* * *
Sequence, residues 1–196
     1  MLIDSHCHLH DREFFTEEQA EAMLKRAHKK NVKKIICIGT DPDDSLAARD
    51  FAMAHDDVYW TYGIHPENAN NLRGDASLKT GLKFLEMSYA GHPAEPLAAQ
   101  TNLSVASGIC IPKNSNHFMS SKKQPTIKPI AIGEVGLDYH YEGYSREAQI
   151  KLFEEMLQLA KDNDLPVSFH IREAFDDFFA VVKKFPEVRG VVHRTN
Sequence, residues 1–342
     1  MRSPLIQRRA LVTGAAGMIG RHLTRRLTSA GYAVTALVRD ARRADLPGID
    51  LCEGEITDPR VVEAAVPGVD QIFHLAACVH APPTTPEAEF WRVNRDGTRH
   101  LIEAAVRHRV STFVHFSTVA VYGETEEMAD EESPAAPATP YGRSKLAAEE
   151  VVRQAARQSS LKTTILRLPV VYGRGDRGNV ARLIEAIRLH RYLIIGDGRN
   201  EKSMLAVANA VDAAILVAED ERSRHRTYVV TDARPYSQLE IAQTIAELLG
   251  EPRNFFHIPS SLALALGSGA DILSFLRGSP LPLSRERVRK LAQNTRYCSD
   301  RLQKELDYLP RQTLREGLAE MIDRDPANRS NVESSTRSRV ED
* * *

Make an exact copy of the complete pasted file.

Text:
Sequence, residues 1–196
     1  MLIDSHCHLH DREFFTEEQA EAMLKRAHKK NVKKIICIGT DPDDSLAARD
    51  FAMAHDDVYW TYGIHPENAN NLRGDASLKT GLKFLEMSYA GHPAEPLAAQ
   101  TNLSVASGIC IPKNSNHFMS SKKQPTIKPI AIGEVGLDYH YEGYSREAQI
   151  KLFEEMLQLA KDNDLPVSFH IREAFDDFFA VVKKFPEVRG VVHRTN
Sequence, residues 1–342
     1  MRSPLIQRRA LVTGAAGMIG RHLTRRLTSA GYAVTALVRD ARRADLPGID
    51  LCEGEITDPR VVEAAVPGVD QIFHLAACVH APPTTPEAEF WRVNRDGTRH
   101  LIEAAVRHRV STFVHFSTVA VYGETEEMAD EESPAAPATP YGRSKLAAEE
   151  VVRQAARQSS LKTTILRLPV VYGRGDRGNV ARLIEAIRLH RYLIIGDGRN
   201  EKSMLAVANA VDAAILVAED ERSRHRTYVV TDARPYSQLE IAQTIAELLG
   251  EPRNFFHIPS SLALALGSGA DILSFLRGSP LPLSRERVRK LAQNTRYCSD
   301  RLQKELDYLP RQTLREGLAE MIDRDPANRS NVESSTRSRV ED